It may not seem problematic to tell a kid she’s smart. In fact, it seems kindof nice, right? People love hearing that they’re smart. The problem is, labeling someone as “smart” often puts so much pressure on the kid to stay “smart” that they are terrified of making mistakes and losing their status as “smart.” Research shows that kids who are labeled as smart by parents or teachers choose to do less rigorous work in order to not fail, because failing would take away their “smartness.” Whereas kids who are praised for their determination and grit chose to attempt more difficult work. What do we want to value, kids who are afraid to take on the challenge of more difficult problems just to maintain their status as smart, or kids who are continually willing to challenge themselves and recognizing that their effort is paying off?
Another example in the book that Boaler gives as the type of language that she uses with her students is: “Do you know what just happened? When you got that answer wrong, you’re brain grew.” I love how she’s flipped that around and turned mistakes into fabulous learning and growth opportunities instead of failures to avoid at all costs.
Changing your language in order to foster a growth mindset is not easy. I tried to be mindful of the language I was using with my math students at the end of this school year, and I noticed that I often used phrases such as “Look at you! So smart!” I made a concerted effort to change these messages to ones where the kids were able to recognize their own hard work and effort on tasks. I had the pleasure of witnessing my colleague, who was also reading Mathematical Mindsets, implement many of Boaler’s strategies a little bit earlier in the school year, and it was really fun to see the difference in the attitude of the kids in her class.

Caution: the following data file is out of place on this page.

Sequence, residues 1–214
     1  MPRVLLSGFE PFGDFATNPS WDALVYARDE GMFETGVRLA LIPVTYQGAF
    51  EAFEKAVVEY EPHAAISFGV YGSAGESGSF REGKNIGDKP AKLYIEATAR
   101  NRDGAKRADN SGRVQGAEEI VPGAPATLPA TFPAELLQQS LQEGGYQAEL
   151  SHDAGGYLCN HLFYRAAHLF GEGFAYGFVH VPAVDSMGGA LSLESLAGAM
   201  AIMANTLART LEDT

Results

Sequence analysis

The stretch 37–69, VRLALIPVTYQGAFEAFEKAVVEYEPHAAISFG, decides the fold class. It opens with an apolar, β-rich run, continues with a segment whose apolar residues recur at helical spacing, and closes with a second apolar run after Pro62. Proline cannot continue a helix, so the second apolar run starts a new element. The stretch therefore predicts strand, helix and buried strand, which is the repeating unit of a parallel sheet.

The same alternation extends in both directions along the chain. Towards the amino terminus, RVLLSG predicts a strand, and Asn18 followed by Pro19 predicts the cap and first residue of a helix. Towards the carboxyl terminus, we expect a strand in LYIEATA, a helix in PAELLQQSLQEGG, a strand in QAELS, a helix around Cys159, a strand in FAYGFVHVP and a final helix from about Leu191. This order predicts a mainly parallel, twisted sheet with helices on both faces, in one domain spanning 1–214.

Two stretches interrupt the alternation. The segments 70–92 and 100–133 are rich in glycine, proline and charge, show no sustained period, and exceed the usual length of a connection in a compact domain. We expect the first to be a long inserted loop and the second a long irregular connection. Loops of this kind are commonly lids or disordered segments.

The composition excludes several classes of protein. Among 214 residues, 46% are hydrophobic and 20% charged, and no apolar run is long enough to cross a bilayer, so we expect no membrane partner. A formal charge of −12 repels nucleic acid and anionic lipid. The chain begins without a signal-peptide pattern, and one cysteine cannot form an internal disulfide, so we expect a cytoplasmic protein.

This mindset and language aspect of the book really struck me because I was one of those students who said “math just isn’t my thing” and I grew up absolutely accepting that I’m just not a “math person.” It’s one way of writing off a failure or briefly explaining away a weakness. And it’s a perfectly accepted excuse in this day and age. All the time, I hear teachers say to students “It’s okay, math was never really my thing, either – you just have to get through it.” What kind of message does this send to kids?
Evidence suggests that this attitude and language among teachers, especially female elementary teachers (which make up a very large percentage of that subset), is a major contributing factor for why young girls lose interest in math. We should all be working extra hard to reverse the downward trend of women and girls in STEM disciplines.
I’m not sure I’ll ever teach math again (remember, I’m in a big transitional phase), but encouraging a growth mindset is cross-curricular. Wherever the future brings me in my teaching career, I will be sure to start off with heavy growth mindset building and strive to practice better language and encouragement with the kids. Mathematical Mindset provides much of what you’d need in order to preparation for this type of setup.
Boaler provides many ways for teachers and parents to build student’s growth mindsets in class and at home. Here are her 7 “norms”:
Another example is that she likes to start classes by telling students what she values and what she does not value:
- displaying your work in multiple different representations (graphs, pictures, charts, sequence, color coding, etc)
- deep thinking
- the ability to explain your thought process and your answer to a skeptic
- questions and mistakes
I do not value
*speed is often the measure of ability in math. Kids who quickly solve math equations are thought to be smart. Boaler stresses that it is important to praise deep thinking and discussion over speed, and giving open ended problems instead of simple equations naturally encourages deep thinking and discussion.
The mindset aspect is integral to Boaler’s approach to successful mathematics experiences. Check out this quick video that Boaler made with some of her grad students at Stanford.
I can’t express how incredibly resourceful this book is. It’s packed with “Aha” moments and I believe that if it was required reading for all math (and other subject) teachers, kids would be more confident with their abilities, more competent in their problem solving skills and the US would not be 35th in the world in math scores.
There are a few more links to some amazing resources from Boaler and her Stanford YouCubed organization on the Resources page, such as videos, activities and some online professional development courses. Check ’em out.
Mindset chart created by Reid Wilson; icon by thenounproject.com